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Three of Saturn’s closest-orbiting moons are captured here, rounding the rings.
From innermost to outermost are Atlas (32 kilometers, or 20 miles across), Pandora (84 kilometers, or 52 miles across) and Mimas (397 kilometers, or 247 miles across).
The F ring displays a double-banded structure here, along with its usual squiggles and kinks. Near right, a faint ringlet can be observed within the Encke Gap.
This view looks toward the sunlit side of the rings from about 4 degrees below the ringplane.
The image was taken in visible light with the Cassini spacecraft narrow-angle camera on Sept. 6, 2007. The view was acquired at a distance of approximately 2.9 million kilometers (1.8 million miles) from Saturn. Image scale is 17 kilometers (10 miles) per pixel.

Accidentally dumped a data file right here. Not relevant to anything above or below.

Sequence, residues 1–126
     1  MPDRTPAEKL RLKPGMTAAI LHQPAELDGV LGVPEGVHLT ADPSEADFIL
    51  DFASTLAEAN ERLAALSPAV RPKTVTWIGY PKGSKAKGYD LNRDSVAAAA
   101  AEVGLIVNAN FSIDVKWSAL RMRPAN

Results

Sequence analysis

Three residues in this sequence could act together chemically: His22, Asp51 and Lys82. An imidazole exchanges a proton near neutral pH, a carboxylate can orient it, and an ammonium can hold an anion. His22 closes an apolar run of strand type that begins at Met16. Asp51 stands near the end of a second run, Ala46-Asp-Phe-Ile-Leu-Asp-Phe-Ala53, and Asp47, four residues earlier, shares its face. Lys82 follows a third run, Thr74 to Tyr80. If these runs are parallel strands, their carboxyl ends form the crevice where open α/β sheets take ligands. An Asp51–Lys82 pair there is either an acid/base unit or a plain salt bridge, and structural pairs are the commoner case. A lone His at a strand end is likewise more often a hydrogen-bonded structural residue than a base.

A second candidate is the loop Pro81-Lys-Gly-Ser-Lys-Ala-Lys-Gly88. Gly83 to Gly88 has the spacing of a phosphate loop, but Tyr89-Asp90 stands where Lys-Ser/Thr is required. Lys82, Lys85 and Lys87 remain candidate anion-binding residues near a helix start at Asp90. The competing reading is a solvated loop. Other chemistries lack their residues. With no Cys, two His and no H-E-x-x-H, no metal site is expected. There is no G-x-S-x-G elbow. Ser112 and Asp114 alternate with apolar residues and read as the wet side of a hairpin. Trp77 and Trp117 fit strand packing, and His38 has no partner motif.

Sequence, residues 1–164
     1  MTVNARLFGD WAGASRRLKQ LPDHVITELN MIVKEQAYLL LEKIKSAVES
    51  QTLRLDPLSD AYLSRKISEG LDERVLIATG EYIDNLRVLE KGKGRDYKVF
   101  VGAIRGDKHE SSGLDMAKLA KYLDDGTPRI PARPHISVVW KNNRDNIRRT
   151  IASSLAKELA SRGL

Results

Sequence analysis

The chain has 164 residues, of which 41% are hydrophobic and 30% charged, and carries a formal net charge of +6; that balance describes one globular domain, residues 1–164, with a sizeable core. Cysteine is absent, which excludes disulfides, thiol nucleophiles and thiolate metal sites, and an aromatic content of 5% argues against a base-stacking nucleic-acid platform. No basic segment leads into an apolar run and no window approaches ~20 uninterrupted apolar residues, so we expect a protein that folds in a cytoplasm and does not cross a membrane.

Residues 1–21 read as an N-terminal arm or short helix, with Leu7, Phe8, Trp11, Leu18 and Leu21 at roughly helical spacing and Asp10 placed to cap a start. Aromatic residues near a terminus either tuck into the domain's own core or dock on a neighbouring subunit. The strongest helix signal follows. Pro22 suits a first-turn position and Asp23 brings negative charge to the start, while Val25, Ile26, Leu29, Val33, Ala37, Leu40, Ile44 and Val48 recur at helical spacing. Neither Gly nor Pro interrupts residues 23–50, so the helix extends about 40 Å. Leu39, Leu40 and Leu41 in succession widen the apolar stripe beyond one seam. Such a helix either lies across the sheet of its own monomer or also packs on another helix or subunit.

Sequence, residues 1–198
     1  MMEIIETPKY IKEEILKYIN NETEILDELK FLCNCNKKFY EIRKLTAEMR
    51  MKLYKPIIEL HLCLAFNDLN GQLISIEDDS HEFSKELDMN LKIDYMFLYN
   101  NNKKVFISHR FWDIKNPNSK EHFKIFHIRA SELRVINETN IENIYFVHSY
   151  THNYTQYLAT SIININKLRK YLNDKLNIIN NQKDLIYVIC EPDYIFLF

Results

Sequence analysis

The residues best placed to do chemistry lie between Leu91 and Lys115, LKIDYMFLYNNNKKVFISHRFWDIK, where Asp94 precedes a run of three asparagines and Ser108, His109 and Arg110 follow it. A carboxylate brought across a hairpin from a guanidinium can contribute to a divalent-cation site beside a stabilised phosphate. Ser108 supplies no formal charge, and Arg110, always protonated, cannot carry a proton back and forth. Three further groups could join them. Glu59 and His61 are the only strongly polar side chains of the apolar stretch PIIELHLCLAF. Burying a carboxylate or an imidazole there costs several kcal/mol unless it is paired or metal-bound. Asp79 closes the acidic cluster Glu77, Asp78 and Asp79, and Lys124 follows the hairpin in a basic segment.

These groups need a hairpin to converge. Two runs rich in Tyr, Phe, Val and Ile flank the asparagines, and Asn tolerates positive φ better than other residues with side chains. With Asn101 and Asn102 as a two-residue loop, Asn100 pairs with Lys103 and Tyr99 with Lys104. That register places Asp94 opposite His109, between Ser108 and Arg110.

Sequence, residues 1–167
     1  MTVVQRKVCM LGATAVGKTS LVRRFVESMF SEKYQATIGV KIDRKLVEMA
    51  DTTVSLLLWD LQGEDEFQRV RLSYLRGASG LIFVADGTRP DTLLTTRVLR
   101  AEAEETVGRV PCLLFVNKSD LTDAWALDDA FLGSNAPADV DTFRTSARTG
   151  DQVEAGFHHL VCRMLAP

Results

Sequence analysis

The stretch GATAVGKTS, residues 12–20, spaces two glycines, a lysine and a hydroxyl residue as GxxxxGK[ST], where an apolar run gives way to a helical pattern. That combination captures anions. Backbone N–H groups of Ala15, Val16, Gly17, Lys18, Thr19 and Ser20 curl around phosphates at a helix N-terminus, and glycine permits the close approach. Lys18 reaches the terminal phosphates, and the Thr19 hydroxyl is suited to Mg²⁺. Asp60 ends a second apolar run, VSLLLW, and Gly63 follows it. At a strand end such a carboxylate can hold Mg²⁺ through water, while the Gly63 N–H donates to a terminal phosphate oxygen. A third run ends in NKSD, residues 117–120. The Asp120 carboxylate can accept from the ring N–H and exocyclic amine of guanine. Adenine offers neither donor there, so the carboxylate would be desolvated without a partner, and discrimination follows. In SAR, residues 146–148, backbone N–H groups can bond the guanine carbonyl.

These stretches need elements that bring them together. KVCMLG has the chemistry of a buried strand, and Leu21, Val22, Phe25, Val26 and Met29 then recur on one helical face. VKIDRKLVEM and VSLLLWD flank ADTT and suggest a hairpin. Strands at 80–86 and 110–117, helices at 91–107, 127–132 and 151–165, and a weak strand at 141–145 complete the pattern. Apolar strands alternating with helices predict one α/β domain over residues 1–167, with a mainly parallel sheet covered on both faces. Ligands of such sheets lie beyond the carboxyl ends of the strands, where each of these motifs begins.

The Cassini-Huygens mission is a cooperative project of NASA, the European Space Agency and the Italian Space Agency. The Jet Propulsion Laboratory, a division of the California Institute of Technology in Pasadena, manages the mission for NASA’s Science Mission Directorate, Washington, D.C. The Cassini orbiter and its two onboard cameras were designed, developed and assembled at JPL. The imaging operations center is based at the Space Science Institute in Boulder, Colo.
Image Credit: NASA/JPL/Space Science Institute